Thurs June 9 at 7:00, 9:30 at Chelsea Clearview [Program & Tix]
“Where do these people come from?” Rex Reed wailed upon the original release of Female Trouble. “Where do they go when the sun goes down? Isn’t there a law or something? This compost heap is even dedicated to a member of the Charles Manson gang!”
A few choice lines of dialogue to get us in the mood…
“I wouldn’t suck your lousy dick if I was suffocating and there was oxygen in your balls!”
“If you get tired of being a Hare Krishna, you come live with me and be a lesbian!”
“I’ve done everything a mother can do: I’ve locked her in her room, I’ve beat her with the car aerial. Nothing changes her. It’s hard being a loving mother!”
Daniel Mudie Cunningham introduces his fantastic overview of Waters for Senses of Cinema:
If asked, most people would probably be able to identify a moment in their own personal history when a film has changed their lives….The film that did this for me was John Waters’ Female Trouble (1974). Made a year before I was born, I didn’t actually see Female Trouble until 1988. I was 13-years-old. Browsing the shelves of the local video store, I was drawn to the video because its cover art announced “Warning: this movie is gross”. Accompanying this “warning” on the video box was a caricatured drawing of Female Trouble‘s two stars, Divine and Edith Massey. While watching the film later that day, I discovered that both Divine and Edith Massey were every bit the grotesque caricature suggested by the video’s cover design.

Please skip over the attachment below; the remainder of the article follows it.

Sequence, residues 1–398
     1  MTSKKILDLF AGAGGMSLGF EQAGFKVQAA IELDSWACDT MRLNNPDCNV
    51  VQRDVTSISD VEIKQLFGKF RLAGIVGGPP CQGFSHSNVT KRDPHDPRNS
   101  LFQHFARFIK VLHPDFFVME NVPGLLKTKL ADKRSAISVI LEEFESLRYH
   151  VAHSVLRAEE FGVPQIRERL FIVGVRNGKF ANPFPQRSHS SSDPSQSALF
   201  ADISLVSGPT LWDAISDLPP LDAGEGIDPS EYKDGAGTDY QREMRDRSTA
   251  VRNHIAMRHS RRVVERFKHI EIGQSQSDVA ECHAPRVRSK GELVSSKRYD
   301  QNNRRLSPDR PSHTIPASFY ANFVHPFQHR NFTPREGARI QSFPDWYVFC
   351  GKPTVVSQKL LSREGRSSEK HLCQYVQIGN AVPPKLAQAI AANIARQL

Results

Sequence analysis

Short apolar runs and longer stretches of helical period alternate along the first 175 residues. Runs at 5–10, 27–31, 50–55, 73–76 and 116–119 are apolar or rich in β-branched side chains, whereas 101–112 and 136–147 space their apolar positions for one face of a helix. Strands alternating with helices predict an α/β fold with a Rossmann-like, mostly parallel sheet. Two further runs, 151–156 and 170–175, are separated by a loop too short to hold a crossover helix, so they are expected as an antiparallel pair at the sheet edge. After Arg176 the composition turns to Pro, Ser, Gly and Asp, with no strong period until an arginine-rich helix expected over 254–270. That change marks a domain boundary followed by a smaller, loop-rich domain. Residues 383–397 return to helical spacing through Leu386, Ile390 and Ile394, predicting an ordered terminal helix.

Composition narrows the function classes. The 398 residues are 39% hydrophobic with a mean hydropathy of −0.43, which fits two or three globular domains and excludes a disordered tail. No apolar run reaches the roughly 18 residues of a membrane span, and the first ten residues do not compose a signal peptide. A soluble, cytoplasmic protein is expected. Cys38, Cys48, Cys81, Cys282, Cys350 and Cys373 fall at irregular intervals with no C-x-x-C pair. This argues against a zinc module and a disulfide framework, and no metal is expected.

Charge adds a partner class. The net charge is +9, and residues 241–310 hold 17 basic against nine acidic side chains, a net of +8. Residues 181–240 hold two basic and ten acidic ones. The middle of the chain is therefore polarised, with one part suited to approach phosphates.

How I managed to sneak the R-rated film out of the video store, I’ll never comprehend….I remember watching the film with a mixture of horror and morbid fascination: never before had I encountered such a freakishly queer ensemble of characters and situations on screen. Upon viewing Female Trouble at such a young age, I could sense some weird awakening where all of a sudden it felt as if someone had flicked the queer switch in my head. Thus began my life-long journey of hunting out films that warned of potential grossness.
Jonathan Rosenbaum for the Chicago Reader:
This 1975 feature is the best of John Waters’s movies prior to Hairspray and his ultimate concerto for the 300-pound transvestite Divine, whose character will do literally anything–including commit mass murder–to become famous. As in all of Waters’s early outrages, the technique is cheerfully ramshackle, but Divine’s rage and energy make it vibrate like a sustained aria, with a few metaphors about the beauty of crime borrowed from Jean Genet. With Edith Massey and Mink Stole, as well as some doubling on the part of Divine that allows the star to have sexual congress with himself, giving birth to . . . guess who?
Fernando F. Croce for Cinepassion: